I recently finished reading Protestant Empire, Carla Pestana’s rich survey of the role religion played in the establishment and development of the British Atlantic world in the seventeenth and eighteenth centuries. Pestana identifies three “contested processes” that shaped the Anglo and Anglo-American religious world of the early modern era: literacy and the importance of print culture; the “problematic goal” of transplanting Old World religious communities to the New World, which ultimately “complicated the religious milieu rather than, as had been anticipated, keeping it simple” (p. 8); and the negotiation that occurred as divergent cultures from Europe, Africa, and America encountered one another. She concludes that by the time of the American Revolution and establishment of the United States of America, British Protestant religion had made a significant mark on people throughout the Atlantic world. “By 1800,” she writes, “monotheism and especially Christianity had reached deep into North America, carried by European-descended believers, embraced by recently converted slaves and freed persons of color, and taken up by Native American peoples.” Meanwhile, “religion in Europe itself was also transformed as part of this process” as “Atlantic settlements became sites of unprecedented religious diversity,” and Christians in West Africa likewise “participated in the creation of an inclusive Atlantic Christian community” (pp. 256-57).
In the book’s conclusion, Pestana briefly reflects on developments of the nineteenth century, an era when histories of the “Atlantic world” generally end. “Looking ahead, we can see that the circumstances set into motion by the expansion of England into the wider Atlantic world continued after 1800” (p. 260). Her concluding example of this point is the rise of Mormonism, a religion born in America amidst the “widespread awakening” of “the so-called Burned-Over district in upstate New York.” “The Church of the Latter Day Saints,” in Pestana’s reading, reflects the persistence of the very processes that defined the earlier Atlantic world of British Protestants. Mormonism’s combination of “elements of traditional Protestant Christianity with new revelation recounting New World biblical history,” which “creat[ed] a new version of an old faith adapted in some ways to the New World” bring to mind the negotiation and hybridity of religion in the Americas. The importance of literacy and print culture is evident in Joseph Smith’s use of the Book of Mormon and printed revelations to convey “this new faith [which] soon spread widely within the United States and in Britain itself.” It was in the act of aggressively spreading the Mormon message from America to England and the success in attracting British converts to then migrate to America that mark Mormonism as “one especially dramatic example of a dynamic process of integration and adaptation that had been going on for centuries in the British Atlantic” (pp. 263-64).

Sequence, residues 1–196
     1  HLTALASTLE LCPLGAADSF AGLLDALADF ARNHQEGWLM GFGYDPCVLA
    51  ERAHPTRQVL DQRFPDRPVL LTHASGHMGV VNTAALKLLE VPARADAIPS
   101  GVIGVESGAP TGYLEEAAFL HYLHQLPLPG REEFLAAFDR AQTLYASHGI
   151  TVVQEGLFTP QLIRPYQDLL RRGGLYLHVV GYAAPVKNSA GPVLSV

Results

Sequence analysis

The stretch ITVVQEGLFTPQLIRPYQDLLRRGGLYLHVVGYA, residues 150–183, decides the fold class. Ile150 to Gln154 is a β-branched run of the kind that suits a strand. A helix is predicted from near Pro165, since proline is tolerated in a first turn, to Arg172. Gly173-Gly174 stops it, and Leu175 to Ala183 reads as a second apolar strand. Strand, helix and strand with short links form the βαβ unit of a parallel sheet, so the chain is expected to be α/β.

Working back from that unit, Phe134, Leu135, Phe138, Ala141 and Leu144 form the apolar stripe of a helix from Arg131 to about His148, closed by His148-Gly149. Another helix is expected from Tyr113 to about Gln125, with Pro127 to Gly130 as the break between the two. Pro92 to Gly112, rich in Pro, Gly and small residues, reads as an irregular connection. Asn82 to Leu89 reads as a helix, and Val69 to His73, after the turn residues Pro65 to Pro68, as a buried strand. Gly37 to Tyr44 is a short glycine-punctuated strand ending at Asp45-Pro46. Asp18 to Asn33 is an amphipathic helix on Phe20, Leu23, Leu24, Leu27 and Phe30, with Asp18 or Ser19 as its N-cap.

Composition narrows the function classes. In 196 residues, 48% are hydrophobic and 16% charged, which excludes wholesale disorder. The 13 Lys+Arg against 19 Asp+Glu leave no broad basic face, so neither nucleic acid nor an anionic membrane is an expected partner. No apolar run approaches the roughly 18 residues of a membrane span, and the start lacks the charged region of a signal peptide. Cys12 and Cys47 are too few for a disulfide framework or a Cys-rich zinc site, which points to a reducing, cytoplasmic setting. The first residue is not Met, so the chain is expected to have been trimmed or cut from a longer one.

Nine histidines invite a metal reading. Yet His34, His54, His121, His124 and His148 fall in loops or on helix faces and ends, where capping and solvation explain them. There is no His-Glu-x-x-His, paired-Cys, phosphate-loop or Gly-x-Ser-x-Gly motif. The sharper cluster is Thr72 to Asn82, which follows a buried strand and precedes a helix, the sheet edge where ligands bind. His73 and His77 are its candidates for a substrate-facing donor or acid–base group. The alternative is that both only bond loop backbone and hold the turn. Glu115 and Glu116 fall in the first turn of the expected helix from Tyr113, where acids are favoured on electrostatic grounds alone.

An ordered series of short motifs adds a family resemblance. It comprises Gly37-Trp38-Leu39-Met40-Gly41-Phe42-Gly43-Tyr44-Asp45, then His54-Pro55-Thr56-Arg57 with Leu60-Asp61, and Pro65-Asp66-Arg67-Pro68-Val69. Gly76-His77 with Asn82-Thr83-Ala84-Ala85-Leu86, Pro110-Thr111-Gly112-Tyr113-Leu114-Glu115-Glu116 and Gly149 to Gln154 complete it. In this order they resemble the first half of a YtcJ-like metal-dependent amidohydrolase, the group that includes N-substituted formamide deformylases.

Pestana is, I think, quite right to situate Mormonism within the context of the “Atlantic world.” Mormonism not only developed on both sides of the Atlantic and prompted the migration of thousands back and forth across that ocean (about which Ben’s post last week raises important questions), but inherited and re-appropriated older theologies, modes of worship, and religious practices from divergent European traditions stretching back several centuries. While most scholars would agree on this basic point, there is disagreement on the particulars of the process. John Brooke, for example, described his The Refiner’s Fire as “fundamentally a presentation of the hermetic interpretation of Mormon origins, in relation to the prior cultural history of hermeticism in the early modern North Atlantic.” Our own Steve Fleming has embarked on an ambitious reinterpretation of Mormonism that looks beyond “its esoteric aspects” and explores potential “pre-Reformation survivals” and “crypto-Catholic practices” that Joseph Smith “restored.”
In addition to these insightful avenues of research, future historians might benefit from situating Mormonism’s views on Native Americans and their policies on African Americans, as well as the movement’s missionary ventures beyond the British Isles, within the intellectual and cultural heritage of religion in the early modern Atlantic world.